What makes Tropper's book special for me is that he treats men as real thinking creatures, filled with numerous and maybe fatal flaws. But Tropper does leave his male characters room to make the right choices if they can move beyond whatever hurt they are dealing with. As you might be able to expect, I literally loved this book and it will definitely read it again in the future. I highly recommend The Book of Joe and hope it anyone who reads it from my review likes it as much as me. Now if only Tropper will publish some more novels before I finish Plan B.

Sunday, October 2, 2016

Idle Fantasies of Lottery Winnings

Few things exemplify the cultural decline of American values and civic institutions more than the establishment of state-run lotteries. Originally sold as an easy way to raise revenue without increasing those evil things called taxes, lotteries are in reality a regressive tax that lands squarely on the heads of the poor who often see it as their one avenue to escape poverty. The best example that typifies this insanity was an small incident I saw back in Colorado during the late 1980's while I was stationed at Fort Carson.

I was in a convenience store buying a soda and gas when I noticed the woman in front of me. The lady was mid to late twenties and had two small children hanging off her. Long story short, given the location of the store we were inside, just outside Fort Carson and close to cheap apartment complexes, she was probably the spouse of a lower-enlisted soldier. The half-gallon of milk in her left hand was a obvious giveaway for why she was in the store but when it was her turn at the checkout I thought my hearing was going bad when I heard her say to the clerk that she wanted forty dollars worth of lotto tickets. All jokes aside about her being an adult and having every right to do what she wanted with her money, that forty bucks could have at least gone to buying decent clothes for her kids who looked like third-world children from an international charity infomercial.

Lotteries are also the prime example of state governments that refuse to sit down and do the hard work of maintaining the foundations of a working society. Of course, maintaining a decent infrastructure and schools are almost impossible when taxpayers are so short sighted they're okay with lead in the water supply and kids going into middle school who can't read at a third-grade level. So, I guess that on some occasions establishing lotteries might be considered out of the box thinking by state leaders desperate to find even a partial solution to insufficient funding. The only problem is that after the bright and shiny newness of all the colorful scratch-off cards and bingo-like atmosphere of the multi-million dollar drawings wear off people simply don't play all that often thus reducing the incoming cash.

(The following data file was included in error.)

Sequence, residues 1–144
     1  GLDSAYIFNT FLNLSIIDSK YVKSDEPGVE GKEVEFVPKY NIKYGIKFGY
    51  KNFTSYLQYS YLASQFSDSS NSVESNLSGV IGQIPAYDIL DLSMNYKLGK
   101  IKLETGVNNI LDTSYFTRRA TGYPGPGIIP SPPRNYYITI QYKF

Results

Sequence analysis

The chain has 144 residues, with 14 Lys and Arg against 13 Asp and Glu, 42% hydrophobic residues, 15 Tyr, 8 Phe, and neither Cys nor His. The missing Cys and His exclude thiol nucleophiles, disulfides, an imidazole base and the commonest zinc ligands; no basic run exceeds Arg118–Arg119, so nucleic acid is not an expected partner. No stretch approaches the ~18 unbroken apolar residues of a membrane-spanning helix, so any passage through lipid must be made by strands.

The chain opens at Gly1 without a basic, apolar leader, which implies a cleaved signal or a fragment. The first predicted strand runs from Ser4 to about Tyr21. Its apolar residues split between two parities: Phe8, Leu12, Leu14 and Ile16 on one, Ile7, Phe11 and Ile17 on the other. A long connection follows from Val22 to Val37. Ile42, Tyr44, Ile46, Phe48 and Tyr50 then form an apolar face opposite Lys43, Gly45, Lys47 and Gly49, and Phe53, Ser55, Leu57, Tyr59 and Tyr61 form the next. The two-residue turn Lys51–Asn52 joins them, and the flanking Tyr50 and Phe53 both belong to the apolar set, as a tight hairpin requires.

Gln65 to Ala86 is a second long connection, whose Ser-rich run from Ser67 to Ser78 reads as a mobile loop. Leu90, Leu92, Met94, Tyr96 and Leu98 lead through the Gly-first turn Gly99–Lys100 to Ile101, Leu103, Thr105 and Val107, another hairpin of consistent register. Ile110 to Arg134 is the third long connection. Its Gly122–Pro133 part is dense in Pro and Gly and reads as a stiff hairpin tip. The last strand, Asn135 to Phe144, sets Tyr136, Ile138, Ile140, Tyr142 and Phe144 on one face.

Now that I have honestly expressed my opinion of lotteries and the problems they breed, let me dive head first into the warm waters of blatant hypocrisy and openly state that on rare occasions I cough up a dollar and play the Mega Millions lottery. Why the Mega Millions lotto? Because it still only costs a dollar for one chance at the jackpot and I waste at least ten bucks a week on crappy things like sodas and honey buns, which are a debilitating psychological dependency for me. So, my flawed logic tells me that it's okay to spend a dollar on a lotto ticket instead of buying some pseudo-food that is more high fructose sugar than any other substance.

That massive rationalization doesn't explain the purpose as to why I waste a dollar on a lotto ticket where the odds are so overwhelmingly against me that I have a better chance of dying from a billion year old meteorite falling to Earth and killing me while I sit on the toilet. Don't believe me? Well, one source on Google says that during an average person's lifespan the odd of just such a death by meteoroid is 1 in 700,000.

Let me put it bluntly, I buy a lotto ticket after I have a bad day. Like many Americans, while I am not wealthy I live a decent, middle class lifestyle. Understand, that lifestyle is based on revolving credit so if you wanted to get technical in a way my actual worth is pretty low. That being said, since I have no discernible talents, like singing or say writing, that could catapult me up into the rich and famous crowd nor any wealthy connections that I could latch onto like a leech and suck dry. Because of those reasons I am forced to continue riding my Visa card like a plastic horse on a merry-go-round.